The Dark Side of Emotional Intelligence

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Research Methodology

In the following chapter the researchers present the methodological reasoning taking place in relation to the research purpose. Firstly, the researchers present the chosen research design, approach, and philosophy which guides decisions regarding the methodology employed. The following section presents data collection methods and techniques together with sample selection and data analysis technique. Lastly, the chapter presents ethical- and quality aspects of the research.

Research Design

In its most simple form, the design of the research is the logical sequence that connects the empirical data to a study’s initial research question(s) and, ultimately, to its conclusion (Yin, 2018). One may describe the research design as a strategy that lays out the principles of  the  research  methodology  for  the  chosen  study.  It  articulates  the  methods  and techniques for all the stages of the research process and motivates the appropriateness connected  to  the  research  question(s)  (Easterby-Smith,  Thorpe,  Jackson,  Jaspersen, 2018). To get a clear overview of the methodological decisions in this thesis, see Figure For this study, the researchers have applied a qualitative exploratory design as a structure.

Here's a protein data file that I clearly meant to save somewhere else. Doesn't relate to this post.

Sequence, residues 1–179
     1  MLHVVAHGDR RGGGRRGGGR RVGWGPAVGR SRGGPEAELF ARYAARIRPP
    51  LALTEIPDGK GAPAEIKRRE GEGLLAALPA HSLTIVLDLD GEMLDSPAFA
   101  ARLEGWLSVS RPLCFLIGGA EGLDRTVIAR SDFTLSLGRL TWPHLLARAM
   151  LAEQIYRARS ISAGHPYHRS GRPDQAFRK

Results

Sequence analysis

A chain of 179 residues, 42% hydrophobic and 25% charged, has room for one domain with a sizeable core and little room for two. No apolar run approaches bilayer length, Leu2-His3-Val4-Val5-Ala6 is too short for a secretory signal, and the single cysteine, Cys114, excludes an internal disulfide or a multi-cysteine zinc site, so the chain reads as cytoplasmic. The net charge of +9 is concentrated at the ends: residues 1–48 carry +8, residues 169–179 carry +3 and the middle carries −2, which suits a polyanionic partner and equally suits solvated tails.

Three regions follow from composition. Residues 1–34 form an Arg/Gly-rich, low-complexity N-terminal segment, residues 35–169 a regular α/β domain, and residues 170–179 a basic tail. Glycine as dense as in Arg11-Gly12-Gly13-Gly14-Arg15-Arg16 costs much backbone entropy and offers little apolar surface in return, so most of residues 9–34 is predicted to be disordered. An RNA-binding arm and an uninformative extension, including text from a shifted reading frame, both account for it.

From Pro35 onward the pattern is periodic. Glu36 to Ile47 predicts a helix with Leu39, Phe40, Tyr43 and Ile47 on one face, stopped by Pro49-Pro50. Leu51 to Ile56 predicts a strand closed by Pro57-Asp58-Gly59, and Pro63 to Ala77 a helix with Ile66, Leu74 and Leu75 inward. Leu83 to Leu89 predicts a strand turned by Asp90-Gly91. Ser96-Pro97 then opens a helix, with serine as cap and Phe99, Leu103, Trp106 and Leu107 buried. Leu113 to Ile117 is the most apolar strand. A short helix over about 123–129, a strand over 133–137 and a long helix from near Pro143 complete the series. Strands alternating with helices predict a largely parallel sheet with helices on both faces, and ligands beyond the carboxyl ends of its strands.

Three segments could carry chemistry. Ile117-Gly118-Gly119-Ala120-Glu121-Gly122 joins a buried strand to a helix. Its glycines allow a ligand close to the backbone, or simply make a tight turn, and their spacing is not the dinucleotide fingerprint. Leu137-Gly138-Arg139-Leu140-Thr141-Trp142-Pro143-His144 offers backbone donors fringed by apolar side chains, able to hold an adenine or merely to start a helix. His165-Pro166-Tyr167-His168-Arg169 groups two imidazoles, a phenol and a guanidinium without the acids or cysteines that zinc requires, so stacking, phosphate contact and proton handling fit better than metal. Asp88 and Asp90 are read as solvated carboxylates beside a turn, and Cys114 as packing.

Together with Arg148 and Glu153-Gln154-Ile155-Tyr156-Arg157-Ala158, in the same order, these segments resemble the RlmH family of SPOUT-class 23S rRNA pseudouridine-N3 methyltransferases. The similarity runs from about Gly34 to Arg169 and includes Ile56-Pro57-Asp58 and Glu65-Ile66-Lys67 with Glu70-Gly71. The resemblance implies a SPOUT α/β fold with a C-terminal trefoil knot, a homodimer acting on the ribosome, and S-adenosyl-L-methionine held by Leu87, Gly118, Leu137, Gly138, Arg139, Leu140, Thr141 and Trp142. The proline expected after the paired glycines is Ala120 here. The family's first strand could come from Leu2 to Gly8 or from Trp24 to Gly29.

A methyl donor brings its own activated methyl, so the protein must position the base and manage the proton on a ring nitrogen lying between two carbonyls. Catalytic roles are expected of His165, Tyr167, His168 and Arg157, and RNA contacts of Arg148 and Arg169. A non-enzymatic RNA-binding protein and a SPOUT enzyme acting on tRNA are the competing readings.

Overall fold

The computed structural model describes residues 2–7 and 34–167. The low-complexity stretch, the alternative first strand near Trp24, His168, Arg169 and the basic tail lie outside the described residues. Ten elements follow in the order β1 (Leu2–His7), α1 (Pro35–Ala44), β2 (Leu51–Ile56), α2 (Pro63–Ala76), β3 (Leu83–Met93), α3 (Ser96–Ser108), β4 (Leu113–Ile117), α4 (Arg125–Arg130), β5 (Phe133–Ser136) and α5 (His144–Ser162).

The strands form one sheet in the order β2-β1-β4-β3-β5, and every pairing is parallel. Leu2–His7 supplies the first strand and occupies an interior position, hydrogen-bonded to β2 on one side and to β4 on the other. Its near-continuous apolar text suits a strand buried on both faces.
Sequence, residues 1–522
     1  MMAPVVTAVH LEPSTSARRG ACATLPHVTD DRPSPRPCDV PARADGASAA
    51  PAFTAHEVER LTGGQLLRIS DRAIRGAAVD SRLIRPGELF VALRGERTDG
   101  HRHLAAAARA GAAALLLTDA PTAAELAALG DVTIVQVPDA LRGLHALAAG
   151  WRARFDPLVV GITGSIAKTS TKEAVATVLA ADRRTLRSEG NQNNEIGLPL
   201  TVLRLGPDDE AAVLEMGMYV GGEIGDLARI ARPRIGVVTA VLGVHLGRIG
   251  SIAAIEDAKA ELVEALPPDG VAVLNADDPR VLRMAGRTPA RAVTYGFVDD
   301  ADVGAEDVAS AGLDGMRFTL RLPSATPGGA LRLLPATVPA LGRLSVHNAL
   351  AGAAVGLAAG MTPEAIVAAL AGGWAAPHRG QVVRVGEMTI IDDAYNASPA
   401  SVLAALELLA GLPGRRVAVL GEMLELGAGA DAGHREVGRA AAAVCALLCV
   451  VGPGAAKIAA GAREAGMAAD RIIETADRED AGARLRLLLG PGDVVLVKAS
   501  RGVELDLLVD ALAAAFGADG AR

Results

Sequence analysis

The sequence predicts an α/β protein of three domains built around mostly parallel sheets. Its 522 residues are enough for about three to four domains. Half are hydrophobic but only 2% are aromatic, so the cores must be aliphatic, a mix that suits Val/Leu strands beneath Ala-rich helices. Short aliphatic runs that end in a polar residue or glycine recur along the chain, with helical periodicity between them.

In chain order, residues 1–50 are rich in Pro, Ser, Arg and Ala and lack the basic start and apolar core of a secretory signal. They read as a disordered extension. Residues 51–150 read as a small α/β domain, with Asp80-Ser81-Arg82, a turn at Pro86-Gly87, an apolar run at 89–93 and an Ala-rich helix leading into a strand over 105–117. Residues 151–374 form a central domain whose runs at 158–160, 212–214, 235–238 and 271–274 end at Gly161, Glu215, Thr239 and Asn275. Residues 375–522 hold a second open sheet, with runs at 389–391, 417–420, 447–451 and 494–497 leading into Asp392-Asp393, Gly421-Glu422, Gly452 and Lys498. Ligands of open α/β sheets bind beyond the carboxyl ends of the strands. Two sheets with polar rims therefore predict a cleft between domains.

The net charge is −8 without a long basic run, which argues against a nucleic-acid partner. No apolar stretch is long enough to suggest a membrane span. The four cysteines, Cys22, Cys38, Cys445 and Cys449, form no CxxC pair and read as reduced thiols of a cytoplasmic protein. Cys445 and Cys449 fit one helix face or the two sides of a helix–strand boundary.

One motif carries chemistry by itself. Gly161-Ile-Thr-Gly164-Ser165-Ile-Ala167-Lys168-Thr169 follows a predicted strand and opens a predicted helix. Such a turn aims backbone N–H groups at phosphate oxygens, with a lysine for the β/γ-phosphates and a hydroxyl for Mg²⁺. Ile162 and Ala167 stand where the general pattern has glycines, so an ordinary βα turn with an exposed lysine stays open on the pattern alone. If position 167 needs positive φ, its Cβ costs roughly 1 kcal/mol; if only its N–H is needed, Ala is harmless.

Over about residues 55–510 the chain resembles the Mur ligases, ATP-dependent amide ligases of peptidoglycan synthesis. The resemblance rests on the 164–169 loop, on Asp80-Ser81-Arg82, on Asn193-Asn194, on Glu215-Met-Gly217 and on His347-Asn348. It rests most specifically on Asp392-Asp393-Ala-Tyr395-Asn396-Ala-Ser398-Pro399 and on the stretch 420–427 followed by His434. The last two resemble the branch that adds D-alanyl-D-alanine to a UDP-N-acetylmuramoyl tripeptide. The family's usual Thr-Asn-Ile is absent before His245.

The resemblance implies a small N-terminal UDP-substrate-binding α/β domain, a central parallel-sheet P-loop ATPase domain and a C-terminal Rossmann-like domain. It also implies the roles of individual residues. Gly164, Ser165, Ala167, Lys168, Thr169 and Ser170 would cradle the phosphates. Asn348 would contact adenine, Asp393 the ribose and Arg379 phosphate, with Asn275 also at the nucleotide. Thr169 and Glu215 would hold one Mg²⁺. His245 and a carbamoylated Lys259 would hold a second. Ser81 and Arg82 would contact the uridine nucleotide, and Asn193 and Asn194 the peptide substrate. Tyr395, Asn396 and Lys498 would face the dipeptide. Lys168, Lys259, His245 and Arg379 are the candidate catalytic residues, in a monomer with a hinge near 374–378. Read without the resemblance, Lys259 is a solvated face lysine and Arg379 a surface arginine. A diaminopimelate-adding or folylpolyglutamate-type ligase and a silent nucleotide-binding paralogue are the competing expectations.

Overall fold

Research Philosophy

The standpoint of how researchers view the world and assumptions of ways to inquiring the nature of the world are cornerstones for research philosophy. Meaning that it concerns the nature of reality and the understanding of theories and knowledge. The philosophical standpoints guide the researchers in choosing appropriate designs and methods for the research by considering ontological and epistemological perspectives (Easterby-Smith et al., 2018). The ontology regards the nature of reality and the epistemology helps the researchers to understand and interpret the reality (Bryman, 2012; Easterby-Smith et al., 2018). By clearly stating the ontological and epistemological perspectives for the specific research, the researchers are able to make purposeful contributions to the field of research (Easterby-Smith et al., 2018).
As the researchers for this study consider the nature of the world to exists through several truths depending on the viewpoint of different people, the ontological position for this research corresponds to relativism. In accordance with the approach of relativism, the researchers have investigated in the manifestation of the dark side of EI and how it affects people by considering the multiple truths. This means that people’s different views of the world and the meaning of things are shaped by their background, different experiences and the context which they operate within. Semi-structured in-depth interviews with people within companies have been conducted to gather direct data about how the dark side of EI manifests and affects the people, which corresponds to their viewpoints of the world (Easterby-Smith et al., 2018).